$ psql testdb -p 6432 testdb=# begin; ERROR: Long transactions not allowed
So, that takes care of detecting a pool_mode set to “statement”. The other two modes, transaction and session, will not give the same error. Thus, seeing that error indicates you are using a statement-level PgBouncer connection.
The next pool mode is “transaction”, which means that the server connection if released back to the pool at the end of a transaction. To figure out if we are in this mode, we take advantage of the fact that PgBouncer can be set to clean up the connection at the end of each transaction by issuing a specific command. By default, the command set by server_reset_query is DISCARD ALL, which invalidates any prepared statements, temporary tables, and other transaction-spanning, session-level items. Thus, our test will see if these session-level artifacts get discarded or not:
## Direct Postgres: $ psql testdb -p 5432 testdb=# prepare abc(int) as select $1::text; PREPARE testdb=# execute abc(1); text ------ 1 ## PgBouncer: $ psql testdb -p 6432 testdb=# prepare abc(int) as select $1::text; PREPARE testdb=# execute abc(1); ERROR: prepared statement "abc" does not exist
Keep in mind that there are no true “transactionless” commands in Postgres. Even though we did not use a BEGIN in the psql prompt above, each command is treated as its own mini-transaction. In the case of the PgBouncer connection, the prepare is immediately followed with a DISCARD ALL, which means that our prepared statement no longer exists. Hence, we have determined that we are using a transaction-level PgBouncer connection.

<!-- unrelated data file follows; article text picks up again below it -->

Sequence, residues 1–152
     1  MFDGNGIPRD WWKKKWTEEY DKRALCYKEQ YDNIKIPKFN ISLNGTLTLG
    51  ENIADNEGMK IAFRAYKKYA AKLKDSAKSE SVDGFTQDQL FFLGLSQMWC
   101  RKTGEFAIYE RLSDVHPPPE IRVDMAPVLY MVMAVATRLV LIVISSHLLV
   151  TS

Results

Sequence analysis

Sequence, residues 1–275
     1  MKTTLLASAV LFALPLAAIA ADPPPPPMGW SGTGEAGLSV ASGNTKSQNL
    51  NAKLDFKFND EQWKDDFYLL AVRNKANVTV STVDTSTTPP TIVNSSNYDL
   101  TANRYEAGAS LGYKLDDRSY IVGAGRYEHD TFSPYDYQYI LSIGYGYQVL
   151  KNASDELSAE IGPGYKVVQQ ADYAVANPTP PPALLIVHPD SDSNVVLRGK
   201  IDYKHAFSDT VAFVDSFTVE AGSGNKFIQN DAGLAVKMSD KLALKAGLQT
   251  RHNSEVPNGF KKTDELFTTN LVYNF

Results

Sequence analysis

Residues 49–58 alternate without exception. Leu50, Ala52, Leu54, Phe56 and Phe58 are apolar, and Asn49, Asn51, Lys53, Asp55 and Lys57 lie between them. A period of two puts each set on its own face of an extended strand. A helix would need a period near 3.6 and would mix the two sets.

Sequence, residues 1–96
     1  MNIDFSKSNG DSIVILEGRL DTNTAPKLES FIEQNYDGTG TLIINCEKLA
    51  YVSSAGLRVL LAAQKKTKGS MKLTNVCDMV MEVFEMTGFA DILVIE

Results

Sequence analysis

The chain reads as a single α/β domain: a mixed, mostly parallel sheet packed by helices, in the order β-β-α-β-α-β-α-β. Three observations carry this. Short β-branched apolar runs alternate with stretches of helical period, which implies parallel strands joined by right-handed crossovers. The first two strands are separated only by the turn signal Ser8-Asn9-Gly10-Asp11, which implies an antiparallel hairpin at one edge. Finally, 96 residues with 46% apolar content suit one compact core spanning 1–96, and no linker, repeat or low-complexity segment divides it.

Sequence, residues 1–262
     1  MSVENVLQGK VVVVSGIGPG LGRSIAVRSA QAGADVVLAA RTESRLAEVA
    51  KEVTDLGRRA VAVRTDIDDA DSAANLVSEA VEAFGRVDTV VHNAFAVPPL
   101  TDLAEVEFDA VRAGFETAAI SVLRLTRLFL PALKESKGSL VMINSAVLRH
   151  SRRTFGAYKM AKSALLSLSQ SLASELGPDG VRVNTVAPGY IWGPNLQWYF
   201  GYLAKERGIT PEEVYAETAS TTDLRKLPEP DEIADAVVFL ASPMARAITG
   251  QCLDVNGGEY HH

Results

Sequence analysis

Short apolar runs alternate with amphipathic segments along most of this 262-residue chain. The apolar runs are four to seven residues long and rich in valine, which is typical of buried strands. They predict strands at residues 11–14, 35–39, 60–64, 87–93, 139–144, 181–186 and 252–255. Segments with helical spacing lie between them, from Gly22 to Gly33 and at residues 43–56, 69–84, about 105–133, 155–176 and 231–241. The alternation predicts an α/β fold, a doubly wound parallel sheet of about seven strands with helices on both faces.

Unfortunately, not getting an error does not necessarily mean your PgBouncer is NOT in transaction mode! A very negative sentence! It could be that server_reset_query is empty, meaning that temporary artifacts are not discarded at the end of the transaction. In such a case, we can take advantage of the fact that PgBouncer will allow other clients to share in our current connection, and thus be able to see the temporary items. If we create a temporary table in one pgbouncer connection, then connect again as a new client, the temporary table will only show up if we are sharing sessions but not transactions. Easier shown than explained, I suspect:
## Regular Postgres gets a fresh session: $ psql test1 -p 5432 test1=# create temp table abc(a int); CREATE TABLE test1=# select * from abc; (No rows) test1=# ^Z ## (we suspend with CTRL-Z) + Stopped psql test1 -p 5432 $ psql test1 -p 5432 test1=# select * from abc; ERROR: relation "abc" does not exist ## PgBouncer will re-use the same session: $ psql test1 -p 6432 test1=# create temp table abc(a int); CREATE TABLE test1=# select * from abc; (No rows) test1=# ^Z + Stopped psql test1 -p 6432 $ psql test1 -p 6432 test1=# select * from abc; (No rows)
The final PgBouncer pool mode is “session”, and basically means the only advantage over a normal Postgres connection is the overhead to start up and connect to a new Postgres backend. Thus, the PgBouncer connections are only returned to the pool upon disconnection. The only way to tell if you are in this mode is by determining that you are not in the other two modes. :)
So, although PgBouncer is extremely transparent, there are some tricks to determine if you are connected to it, and at what pool_mode. If you can think of other (SQL-level!) ways to check, please let me know in the comments section.